Zambia is commonly regarded as one of the most beautiful, friendly, diverse and unspoilt countries on the entire African continent. Aside from the majestic Victoria Falls, Zambia has more natural water resources than any other southern African country, including a myriad of other falls dotted across the country, not to mention the famous Zambezi River. The many National Parks offer great opportunities for observing Africa’s plains game and their attendant predators, whilst bustling urban areas offer a taste of eclectic Zambian culture. Zambia takes its name from the Zambezi River, which rises in the north-west corner of the country and forms its southern boundary. It’s neighbours are: Congo DR to the north and north west, Tanzania to the north east, Malawi to the east, Mozambique to the south east, Zimbabwe to the south, Botswana and Namibia to the south west and Angola to the West.
Zambia’s contemporary culture is a blend of values, norms, material and spiritual traditions of more than 70 ethnically diverse people. Most of the tribes of Zambia moved into the area in a series of migratory waves a few centuries ago. They grew in numbers and many travelled in search of establishing new kingdoms, farming land and pastures. Quiet beauty, bustle, bounding life or brimming joy characterise many aspects of music and dance in Zambia. Emphasis varies from breathless acrobatic spectacle amid propulsive drumming to fine subtleties of sound and movement.
Many traditional instruments are still played throughout the country, although the desire for western instruments increases. The more common ones are the hand piano, a small instrument with iron keys mounted on a rectangular box and plucked by both thumbs. Or the silimba, a xylophone type instrument with a range of flat wooden keys mounted over gourds. The most common of course is the drum and drumming plays an important part of rituals, ceremonies, celebrations and community communication.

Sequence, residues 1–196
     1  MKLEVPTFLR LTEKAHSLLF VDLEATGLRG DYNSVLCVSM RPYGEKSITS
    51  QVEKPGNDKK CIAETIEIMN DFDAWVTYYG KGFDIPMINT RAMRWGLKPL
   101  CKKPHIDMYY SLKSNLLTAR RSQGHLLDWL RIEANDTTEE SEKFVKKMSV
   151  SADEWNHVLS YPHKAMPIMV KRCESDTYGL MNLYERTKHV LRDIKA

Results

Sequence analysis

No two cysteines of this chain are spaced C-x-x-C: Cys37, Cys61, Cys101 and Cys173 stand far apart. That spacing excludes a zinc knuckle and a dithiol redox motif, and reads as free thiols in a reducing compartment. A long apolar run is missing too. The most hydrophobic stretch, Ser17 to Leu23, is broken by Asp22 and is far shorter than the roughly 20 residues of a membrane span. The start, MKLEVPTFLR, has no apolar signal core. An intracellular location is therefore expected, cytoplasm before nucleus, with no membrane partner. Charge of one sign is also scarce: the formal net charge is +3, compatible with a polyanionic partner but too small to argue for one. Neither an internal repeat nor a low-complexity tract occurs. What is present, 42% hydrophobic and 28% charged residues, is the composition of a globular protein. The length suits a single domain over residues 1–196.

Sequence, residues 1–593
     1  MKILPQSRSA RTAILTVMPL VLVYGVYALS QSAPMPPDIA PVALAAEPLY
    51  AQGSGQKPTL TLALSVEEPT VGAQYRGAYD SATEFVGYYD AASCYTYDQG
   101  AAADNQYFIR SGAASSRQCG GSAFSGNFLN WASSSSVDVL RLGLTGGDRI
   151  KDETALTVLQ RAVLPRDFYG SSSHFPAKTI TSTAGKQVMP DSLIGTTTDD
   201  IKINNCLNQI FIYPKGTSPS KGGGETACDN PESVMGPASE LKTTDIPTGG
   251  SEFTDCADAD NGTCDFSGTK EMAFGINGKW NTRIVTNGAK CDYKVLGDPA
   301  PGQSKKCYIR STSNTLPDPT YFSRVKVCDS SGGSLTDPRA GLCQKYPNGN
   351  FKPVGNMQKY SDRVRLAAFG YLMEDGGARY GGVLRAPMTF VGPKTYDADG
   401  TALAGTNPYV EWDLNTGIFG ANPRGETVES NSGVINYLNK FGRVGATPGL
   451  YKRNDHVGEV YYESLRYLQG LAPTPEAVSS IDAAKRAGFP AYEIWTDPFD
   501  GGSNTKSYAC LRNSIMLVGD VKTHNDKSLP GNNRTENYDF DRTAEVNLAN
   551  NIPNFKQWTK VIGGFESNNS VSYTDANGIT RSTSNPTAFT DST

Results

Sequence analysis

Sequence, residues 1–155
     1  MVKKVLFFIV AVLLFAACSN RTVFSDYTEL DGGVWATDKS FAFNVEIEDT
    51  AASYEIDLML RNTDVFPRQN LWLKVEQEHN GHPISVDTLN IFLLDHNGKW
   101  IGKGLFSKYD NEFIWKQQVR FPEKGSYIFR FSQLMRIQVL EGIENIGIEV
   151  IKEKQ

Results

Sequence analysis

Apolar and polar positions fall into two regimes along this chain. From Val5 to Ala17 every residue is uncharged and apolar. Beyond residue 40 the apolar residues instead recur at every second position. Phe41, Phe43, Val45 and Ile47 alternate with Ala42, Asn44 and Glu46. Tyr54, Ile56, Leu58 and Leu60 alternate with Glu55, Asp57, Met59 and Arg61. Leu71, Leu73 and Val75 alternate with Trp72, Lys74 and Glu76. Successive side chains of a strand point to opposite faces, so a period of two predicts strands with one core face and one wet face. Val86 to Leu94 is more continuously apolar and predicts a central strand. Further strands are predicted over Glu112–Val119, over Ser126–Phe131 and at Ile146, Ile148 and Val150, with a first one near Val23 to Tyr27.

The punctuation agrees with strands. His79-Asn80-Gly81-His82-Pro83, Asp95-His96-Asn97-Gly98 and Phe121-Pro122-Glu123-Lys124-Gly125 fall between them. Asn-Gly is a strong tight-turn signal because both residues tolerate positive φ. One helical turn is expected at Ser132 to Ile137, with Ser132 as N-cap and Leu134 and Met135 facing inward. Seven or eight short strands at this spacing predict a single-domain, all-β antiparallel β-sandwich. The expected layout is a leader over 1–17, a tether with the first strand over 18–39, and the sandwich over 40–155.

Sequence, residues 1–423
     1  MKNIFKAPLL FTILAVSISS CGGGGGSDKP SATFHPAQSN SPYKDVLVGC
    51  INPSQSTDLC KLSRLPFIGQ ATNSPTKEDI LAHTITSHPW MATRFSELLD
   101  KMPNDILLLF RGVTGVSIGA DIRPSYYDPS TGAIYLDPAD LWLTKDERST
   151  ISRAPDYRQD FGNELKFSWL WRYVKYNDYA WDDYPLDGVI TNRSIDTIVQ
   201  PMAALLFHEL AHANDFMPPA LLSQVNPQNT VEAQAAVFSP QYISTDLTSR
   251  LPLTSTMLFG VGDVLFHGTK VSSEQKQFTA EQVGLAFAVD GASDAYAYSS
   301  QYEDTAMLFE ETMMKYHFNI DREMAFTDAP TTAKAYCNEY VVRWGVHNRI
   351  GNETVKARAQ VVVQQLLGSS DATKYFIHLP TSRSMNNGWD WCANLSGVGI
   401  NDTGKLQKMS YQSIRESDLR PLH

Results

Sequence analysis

Zambia’s diverse cultures bring with them a wide variety of traditional skills. Crafts can be found in great variety if not in abundance and among them is some of the finest basketry in Africa.
Nature & Climate:
The general height of the land gives Zambia a more pleasant climate than that experienced in most tropical countries. There are three seasons – cool and dry from May to August, hot and dry from September to November, and warm and wet from December to April. Only in the Valleys of the Zambezi and Luangwa is there excessive heat, particularly in October and, in the wet season, a high humidity. In the warm wet season, frequent heavy showers and thunderstorms occur, followed by spells of bright sunshine. Plants grow profusely and rivers and streams fill up almost overnight. During the cool dry season, night frosts may occur in places sheltered from the wind. The countryside dries up gradually and grass fires, fanned by high winds are a feature of this time of the year. In depressions, frost can occur on cloudless nights. Temperatures rise high during the hot, dry season but new leaves appear on the trees before the start of the rains and new grass brightens the countryside. The main growing period of woody vegetation is between August and November.
Current Time & Date:
Zambia is two hours ahead of Greenwich Mean Time, one hour ahead of Central European Time, seven hours ahead of Eastern USA time and ten hours ahead of Western USA time.
All media and business is in English and the majority of Zambians speak it reasonably well. Only in very rural areas would there be any problems communicating in English. Bemba is the most commonly spoken African language in Zambia. In the past it was largely confined to the Copperbelt province since the Bemba people originally came down from the Congo. More recently, with the easy movement of people throughout Zambia, the language has taken on more popular appeal and is probably the most commonly spoken language in the Capital City, Lusaka.
In the Luangwa Valley and the Eastern Province of Zambia, the language is Nyanja. This literally means “language of the lake” and originated from the shores of Lake Malawi to the East. Nyanja is still the language spoken across all of Malawi and this bond, coupled with many traditional beliefs and practices, ties the Kunda tribe of the Luangwa Valley more closely with their neighbours than with many other people living within Zambia.